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Houston Voice, No. 1018, April 28, 2000
File 021
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Houston Voice, No. 1018, April 28, 2000 - File 021. 2000-04-28. University of Houston Libraries. University of Houston Digital Library. Web. October 17, 2019. https://digital.lib.uh.edu/collection/montrose/item/1889/show/1880.

Disclaimer: This is a general citation for reference purposes. Please consult the most recent edition of your style manual for the proper formatting of the type of source you are citing. If the date given in the citation does not match the date on the digital item, use the more accurate date below the digital item.

(2000-04-28). Houston Voice, No. 1018, April 28, 2000 - File 021. Montrose Voice. University of Houston Libraries. Retrieved from https://digital.lib.uh.edu/collection/montrose/item/1889/show/1880

Disclaimer: This is a general citation for reference purposes. Please consult the most recent edition of your style manual for the proper formatting of the type of source you are citing. If the date given in the citation does not match the date on the digital item, use the more accurate date below the digital item.

Houston Voice, No. 1018, April 28, 2000 - File 021, 2000-04-28, Montrose Voice, University of Houston Libraries, accessed October 17, 2019, https://digital.lib.uh.edu/collection/montrose/item/1889/show/1880.

Disclaimer: This is a general citation for reference purposes. Please consult the most recent edition of your style manual for the proper formatting of the type of source you are citing. If the date given in the citation does not match the date on the digital item, use the more accurate date below the digital item.

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Title Houston Voice, No. 1018, April 28, 2000
Contributor
  • Hennie, Matthew A.
Publisher Window Media
Date April 28, 2000
Language English
Subject
  • LGBTQ community
  • LGBTQ people
  • Gay liberation movement
Place
  • Houston, Texas
Genre
  • newspapers
Type
  • Text
Identifier OCLC: 31485329
Collection
  • University of Houston Libraries Special Collections
  • LGBT Research Collection
  • Montrose Voice
Rights In Copyright
Note This item was digitized from materials loaned by the Gulf Coast Archive and Museum (GCAM).
Item Description
Title File 021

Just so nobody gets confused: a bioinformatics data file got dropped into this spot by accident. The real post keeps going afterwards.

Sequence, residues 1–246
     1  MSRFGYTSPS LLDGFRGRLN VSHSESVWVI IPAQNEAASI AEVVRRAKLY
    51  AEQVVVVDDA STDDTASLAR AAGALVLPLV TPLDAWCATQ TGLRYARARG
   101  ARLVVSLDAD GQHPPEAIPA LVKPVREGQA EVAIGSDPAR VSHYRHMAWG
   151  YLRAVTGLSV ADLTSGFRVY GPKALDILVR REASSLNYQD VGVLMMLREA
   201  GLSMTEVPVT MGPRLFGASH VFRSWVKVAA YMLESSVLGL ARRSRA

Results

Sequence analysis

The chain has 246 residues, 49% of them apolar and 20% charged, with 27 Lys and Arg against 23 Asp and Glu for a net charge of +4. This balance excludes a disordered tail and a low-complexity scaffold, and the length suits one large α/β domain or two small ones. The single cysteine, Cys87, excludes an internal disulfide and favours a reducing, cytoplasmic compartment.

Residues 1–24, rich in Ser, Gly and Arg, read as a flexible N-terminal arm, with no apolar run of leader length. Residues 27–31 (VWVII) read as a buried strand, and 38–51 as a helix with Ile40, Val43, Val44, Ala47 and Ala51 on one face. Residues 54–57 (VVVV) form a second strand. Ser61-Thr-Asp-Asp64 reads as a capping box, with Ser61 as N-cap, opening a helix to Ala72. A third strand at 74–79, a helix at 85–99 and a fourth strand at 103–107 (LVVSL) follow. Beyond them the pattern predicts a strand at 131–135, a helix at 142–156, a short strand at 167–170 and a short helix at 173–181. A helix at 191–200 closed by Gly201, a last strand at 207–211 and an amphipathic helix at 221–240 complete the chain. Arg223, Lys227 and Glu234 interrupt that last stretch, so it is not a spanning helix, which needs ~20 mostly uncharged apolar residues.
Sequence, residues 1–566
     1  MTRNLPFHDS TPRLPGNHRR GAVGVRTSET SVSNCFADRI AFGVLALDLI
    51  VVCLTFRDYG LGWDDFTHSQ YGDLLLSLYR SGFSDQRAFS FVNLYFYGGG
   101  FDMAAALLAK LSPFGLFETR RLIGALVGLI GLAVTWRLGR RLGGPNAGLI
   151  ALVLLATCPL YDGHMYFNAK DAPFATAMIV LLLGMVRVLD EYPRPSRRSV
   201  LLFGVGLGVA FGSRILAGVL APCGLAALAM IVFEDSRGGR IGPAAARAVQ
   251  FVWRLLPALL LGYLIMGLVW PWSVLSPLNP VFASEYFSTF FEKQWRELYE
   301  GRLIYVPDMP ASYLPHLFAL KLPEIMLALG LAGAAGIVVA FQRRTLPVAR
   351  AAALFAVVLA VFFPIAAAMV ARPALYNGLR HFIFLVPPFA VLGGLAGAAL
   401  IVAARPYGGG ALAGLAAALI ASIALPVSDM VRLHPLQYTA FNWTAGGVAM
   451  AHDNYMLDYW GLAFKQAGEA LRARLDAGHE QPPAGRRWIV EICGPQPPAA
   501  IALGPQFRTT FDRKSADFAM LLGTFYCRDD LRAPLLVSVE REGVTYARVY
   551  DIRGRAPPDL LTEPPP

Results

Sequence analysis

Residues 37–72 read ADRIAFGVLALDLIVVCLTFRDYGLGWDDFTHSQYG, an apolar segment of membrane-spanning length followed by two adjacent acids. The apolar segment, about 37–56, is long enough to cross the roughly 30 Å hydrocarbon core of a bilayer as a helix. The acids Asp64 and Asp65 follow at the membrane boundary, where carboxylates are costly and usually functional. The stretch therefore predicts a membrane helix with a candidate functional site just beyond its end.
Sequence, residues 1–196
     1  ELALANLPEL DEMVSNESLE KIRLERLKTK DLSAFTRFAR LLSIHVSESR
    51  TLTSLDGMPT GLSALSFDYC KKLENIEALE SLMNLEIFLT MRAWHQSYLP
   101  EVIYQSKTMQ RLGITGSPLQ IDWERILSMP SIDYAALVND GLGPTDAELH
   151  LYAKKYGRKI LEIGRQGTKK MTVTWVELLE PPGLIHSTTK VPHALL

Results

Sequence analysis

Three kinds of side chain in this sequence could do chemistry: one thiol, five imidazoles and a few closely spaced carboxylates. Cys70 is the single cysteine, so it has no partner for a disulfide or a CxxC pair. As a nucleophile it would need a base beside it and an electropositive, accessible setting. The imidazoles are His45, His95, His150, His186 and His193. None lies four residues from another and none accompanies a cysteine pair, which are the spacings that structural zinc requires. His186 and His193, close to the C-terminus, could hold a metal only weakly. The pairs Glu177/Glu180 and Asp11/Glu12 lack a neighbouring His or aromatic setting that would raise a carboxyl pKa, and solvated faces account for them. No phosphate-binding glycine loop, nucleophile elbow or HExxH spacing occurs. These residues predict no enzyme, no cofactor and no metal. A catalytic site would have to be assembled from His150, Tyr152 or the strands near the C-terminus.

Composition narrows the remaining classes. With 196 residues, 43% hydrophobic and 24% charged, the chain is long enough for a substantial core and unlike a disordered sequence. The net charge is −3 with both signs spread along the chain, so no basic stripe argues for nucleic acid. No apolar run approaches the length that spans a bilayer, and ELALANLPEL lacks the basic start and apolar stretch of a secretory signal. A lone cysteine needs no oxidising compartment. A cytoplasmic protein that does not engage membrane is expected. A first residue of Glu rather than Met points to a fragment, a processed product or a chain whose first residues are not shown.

Transcript 20 OUT ON THE BAYOU APRIL 28, 2000 • HOUSTON VOICE Out In Print BOOK NEWS Memoirs of a philosophizing hustler by J.S. HALL Like many a young man before him, Rick Whitaker left his home in the Midwest for the bright lights of New York City. But unlike many of those hypothetical young men, Whitaker's journey took darker and more twisted directions, as a series of misfortunes led him to hustling. ASSUMING THE POSITION chronicles his descent into this netherworld and eventual emergence to the path of recovery. In many respects, Whitaker differed from the stereotypical hustler. A college dropout who had studied philosophy, he wrote book reviews and a novel, proofread manuscripts and dabbled in classical music. But then jobs started falling through, the novel kept getting rejected, and his boyfriend Tom broke up with him. What began as a one-time act of getting back at his ex soon escalated into a full-time job; Whitaker's drug use increased. While some might argue that he was debasing himself, the author contends that "hustling, at least at the time 1 began doing it full time, seemed more like an effective way to earn money than a spiritual or moral dilemma." Indeed, he sees nothing wrong with 'Assuming the Position: A Memoir of Hustling' By Rick Whitaker Four Walls Eight Windows, hardcover, 192 pages, $18 paying money for good sex, any more than exchanging money for a sumptuous meal or to see a favorite performer in concert. True, he could earn in a few hours what others would earn in a week, but his expensive drug addiction—which deadened his emotions so he could continue hustling—ate all the profit and left him back at the beginning of an increasingly vicious cycle. To some, the idea of hustling holds a certain sleazy glamour; "Assuming the Position" pops this bubble with cool, semidetached prose. Whitaker insists he didn't set out to de-glamorize the "profession," but you can't help being simultaneously repelled yet morbidly fascinated by some of his less-than-savory encounters. Most involved older, far-from-attractive men with unpleasant habits—like a coked-up doctor; a psychologist who ought to have seen a shrink himself; a successful lawyer with serious self-esteem issues; and a computer geek with a pen- scott kennedy bob smith SUNDAY, MAY 7 • 8PM to: 1952 WEST GRAY River Oaks Shopping Center 713-524-2333 Call or Charge by Phone chant for oversized dildos. But Whitaker makes an important point that every man somewhere, somehow has some erotic characteristic about him, and only by focusing on that element was he able to complete some of his transactions. The product of a broken home, Whitaker partially attributes his hustling as a way of reaching out to his absent father, which makes more sense in the book than it might in this review, and as a way of both feeling something intense and losing himself at the some time. He quotes liberally from Freud, Nietzsche, Thoreau, Leonard Woolf and Wittgenstein, using their words to illustrate some of his particular, peculiar situations. The chapters alternate with entries from his journals of the time, which reflect his often strung out, depressed state of mind. He freely admits that the spiral of his life "felt good—even the going downward, especially the going downward. It was relaxing and easy." But now that he's sober and no longer hustling, he still doesn't play what-if games. "It was an interesting experience," he writes, "but not, in itselt, nearly so interesting as life is for me now.... "Prostitution is inelegant, and I have always wanted to be an example of a certain kind of elegance, ... [the kind] resulting from the undistracted observation of one's own vigorous thinking. Thoughtlessness is the crimen—or the sin— that comes before all others, and hustling requires it," Whitaker concludes. Those seeking a sexy account of hustling encounters are advised to look elsewhere. But readers interested in an oddly compelling, philosophically-flavored exploration of a dark descent and ultimate escape would do well to pick up "Assuming the Position." What your neighbors are reading . . . 1 Mr. Right is Out There by Kenneth George, $13.95 2 Get Happy: The Life of Judy Garland by Gerald Clarke, $29.95 3 National Nancys by Fred Hunter, $22.95 4 Cat on Ihe Scent by Rita Mae Brown, $6.99 5 Shy Girl by Elizabeth Stark, $22 6 Fabulous Hell by Craig Curtis, $12.95 7 The Operator David Geffen Builds, Buys and Sells the New Hollywood by Tom King, $25.95 8 Rough Stuff by Simon Sheppard, $13.95 9 Fresh Flesh by Stella Duffy, $15 10 Married Women Who Love Women by Carron Strock, $12.95 Crossroads Market BOOKSTORE & CAFE llll Westheimer 713-942-0147 1 Built to Survive by Michael Mooney and Nelson Vergel 2 Original Story By by Arthur Laurents, $30 3 Get Happy: The Life of Judy Garland by Gerald Clarke, $29.95 4 Rooneys Shorts by William Rooney, $14.95 5 The Cruelty of Science by Sebastian Beaumont, $12.95 6 Gay Adult Video Star Directory by Balle Wayne, $18.95 7 All About 'All About Eve' by Sam Staggs, $24.95 8 Boys Across the Street by Rick Sanford, $24 9 Something to Tell You by Gilbert Herdt and Bruce Koff, $22.95 10 Golden Men: Gay Man's Guide to Midlife by Harold Kooden, $14 3939 Montrose Boulevard _713-522-5156